Living a clutter-free life

Most people have lots of items in their home, and that's fine, but it can become a problem if clutter starts to have a negative impact on your day-to-day life, safety and your health.

Too much clutter can turn into what is called a hoarding disorder. This is when someone acquires an excessive amount of items and stores them in the home in a way that interferes with everyday living. It affects the quality of that person's life or others around them.

Many people are still embarrassed to talk about hoarding as an issue, even though it is thought to affect 1.2 million people of all ages in the UK.

National Hoarding Awareness Week aims to break the taboo around the subject.

What support is available?

If you (or somebody you know) is being affected, remember… you’re not alone.

Support is out there. Your GP or your local Health Centre should be your first point of contact.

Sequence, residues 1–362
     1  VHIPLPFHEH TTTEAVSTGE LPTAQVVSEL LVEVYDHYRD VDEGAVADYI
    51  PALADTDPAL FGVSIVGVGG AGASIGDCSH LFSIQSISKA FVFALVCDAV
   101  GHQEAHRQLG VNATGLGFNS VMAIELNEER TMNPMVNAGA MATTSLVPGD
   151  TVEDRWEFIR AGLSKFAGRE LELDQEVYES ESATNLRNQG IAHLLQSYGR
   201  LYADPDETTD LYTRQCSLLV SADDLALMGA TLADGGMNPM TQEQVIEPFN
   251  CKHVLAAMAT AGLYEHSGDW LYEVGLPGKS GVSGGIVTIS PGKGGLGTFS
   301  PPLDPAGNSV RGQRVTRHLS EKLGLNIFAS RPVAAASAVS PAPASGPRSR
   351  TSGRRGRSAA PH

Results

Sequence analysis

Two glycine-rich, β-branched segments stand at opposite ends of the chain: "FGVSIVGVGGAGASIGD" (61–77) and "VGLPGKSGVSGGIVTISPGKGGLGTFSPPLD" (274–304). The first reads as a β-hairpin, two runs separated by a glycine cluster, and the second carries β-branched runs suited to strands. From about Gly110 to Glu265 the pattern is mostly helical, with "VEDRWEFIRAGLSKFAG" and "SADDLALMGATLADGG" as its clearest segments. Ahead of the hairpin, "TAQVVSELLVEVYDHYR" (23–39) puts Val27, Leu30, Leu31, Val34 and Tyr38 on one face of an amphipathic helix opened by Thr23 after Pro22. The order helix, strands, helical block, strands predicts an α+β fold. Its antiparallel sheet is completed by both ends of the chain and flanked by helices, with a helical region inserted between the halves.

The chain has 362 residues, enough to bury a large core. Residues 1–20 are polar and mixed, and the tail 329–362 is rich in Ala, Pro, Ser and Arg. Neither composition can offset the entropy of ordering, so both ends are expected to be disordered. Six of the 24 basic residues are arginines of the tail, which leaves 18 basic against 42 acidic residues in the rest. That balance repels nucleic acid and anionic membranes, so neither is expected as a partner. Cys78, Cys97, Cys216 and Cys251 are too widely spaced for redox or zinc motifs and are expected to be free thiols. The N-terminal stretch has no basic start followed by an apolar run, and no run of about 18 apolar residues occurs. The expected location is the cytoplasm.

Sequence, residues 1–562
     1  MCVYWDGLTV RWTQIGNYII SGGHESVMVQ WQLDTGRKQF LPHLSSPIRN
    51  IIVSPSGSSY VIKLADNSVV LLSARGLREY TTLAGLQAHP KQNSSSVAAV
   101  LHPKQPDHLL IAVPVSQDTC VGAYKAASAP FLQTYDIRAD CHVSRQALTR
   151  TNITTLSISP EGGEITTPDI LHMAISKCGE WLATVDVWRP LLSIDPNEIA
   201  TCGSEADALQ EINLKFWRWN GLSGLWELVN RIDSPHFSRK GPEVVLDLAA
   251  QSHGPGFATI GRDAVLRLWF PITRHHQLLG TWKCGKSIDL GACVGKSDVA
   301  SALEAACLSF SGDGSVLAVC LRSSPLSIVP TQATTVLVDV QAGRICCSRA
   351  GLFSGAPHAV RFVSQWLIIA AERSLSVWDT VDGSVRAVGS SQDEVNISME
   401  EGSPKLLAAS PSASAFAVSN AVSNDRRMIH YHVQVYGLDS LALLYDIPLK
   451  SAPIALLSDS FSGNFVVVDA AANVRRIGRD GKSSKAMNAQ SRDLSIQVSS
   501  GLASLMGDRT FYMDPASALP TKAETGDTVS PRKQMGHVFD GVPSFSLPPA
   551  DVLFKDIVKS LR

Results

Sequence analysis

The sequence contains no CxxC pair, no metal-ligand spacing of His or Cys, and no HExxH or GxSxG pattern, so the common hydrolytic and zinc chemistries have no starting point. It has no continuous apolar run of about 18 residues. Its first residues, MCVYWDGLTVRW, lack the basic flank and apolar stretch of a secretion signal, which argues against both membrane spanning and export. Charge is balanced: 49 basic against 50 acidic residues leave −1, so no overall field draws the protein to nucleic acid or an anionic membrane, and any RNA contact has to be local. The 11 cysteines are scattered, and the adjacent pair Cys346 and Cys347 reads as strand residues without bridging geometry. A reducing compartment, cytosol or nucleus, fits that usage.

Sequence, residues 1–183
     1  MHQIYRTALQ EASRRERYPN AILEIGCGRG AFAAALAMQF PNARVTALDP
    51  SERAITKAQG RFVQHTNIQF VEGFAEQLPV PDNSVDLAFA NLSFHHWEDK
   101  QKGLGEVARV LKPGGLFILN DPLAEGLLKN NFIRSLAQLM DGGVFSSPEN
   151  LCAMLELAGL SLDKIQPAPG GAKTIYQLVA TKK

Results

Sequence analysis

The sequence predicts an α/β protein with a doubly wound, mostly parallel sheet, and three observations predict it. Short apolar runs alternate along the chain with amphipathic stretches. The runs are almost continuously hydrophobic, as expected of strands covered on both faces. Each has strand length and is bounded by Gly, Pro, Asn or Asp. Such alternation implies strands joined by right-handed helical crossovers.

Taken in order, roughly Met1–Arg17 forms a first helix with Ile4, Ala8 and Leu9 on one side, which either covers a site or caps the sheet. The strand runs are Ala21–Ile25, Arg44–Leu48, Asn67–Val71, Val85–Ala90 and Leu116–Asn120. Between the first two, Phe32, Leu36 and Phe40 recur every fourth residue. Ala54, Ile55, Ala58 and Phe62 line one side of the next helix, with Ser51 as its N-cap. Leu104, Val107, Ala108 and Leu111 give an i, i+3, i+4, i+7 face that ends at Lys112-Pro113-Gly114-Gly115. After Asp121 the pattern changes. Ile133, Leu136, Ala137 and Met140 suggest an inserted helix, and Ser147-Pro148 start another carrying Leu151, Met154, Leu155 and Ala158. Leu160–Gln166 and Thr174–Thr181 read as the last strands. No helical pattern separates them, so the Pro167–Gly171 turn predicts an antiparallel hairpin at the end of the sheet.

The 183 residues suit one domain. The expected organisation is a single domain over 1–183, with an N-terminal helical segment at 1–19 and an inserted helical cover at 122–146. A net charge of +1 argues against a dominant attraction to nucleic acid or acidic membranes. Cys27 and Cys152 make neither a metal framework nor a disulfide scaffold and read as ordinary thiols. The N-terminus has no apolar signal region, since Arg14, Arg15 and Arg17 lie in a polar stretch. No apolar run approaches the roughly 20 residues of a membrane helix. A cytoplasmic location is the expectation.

If you don’t know how to start the conversation, download the Icebreaker from the ‘Resources’ section of the National Hoarding Awareness website:

We've also created a brand new booklet to help you identify whether you or someone you know may have a problem, and take those first simple steps to a clutter-free life.

There are lots of hints and tips as well as information about agencies and organisations who can also help.

Read the booklet and take your first steps to decluttering your home.


Nigel’s story – “I wasn’t living, I was just coping”

Resident Nigel hoarded items over a period of ten years. The clutter became so bad he couldn't access his bathroom, and he was cut off from the outside world.

He said: "Once you start hoarding, there's no switch to say 'stop'; you just carry on doing it and you think you need stuff that you don't. That's the worst part of it; you think you need everything you've got. It became a bit of a nightmare. I just was coping, that's all I was doing. I wasn't living, I was just coping day by day."

The video at the top of the page shows how Nigel turned his life around with the help of his housing officer.


Also in this section:

Other support and advice available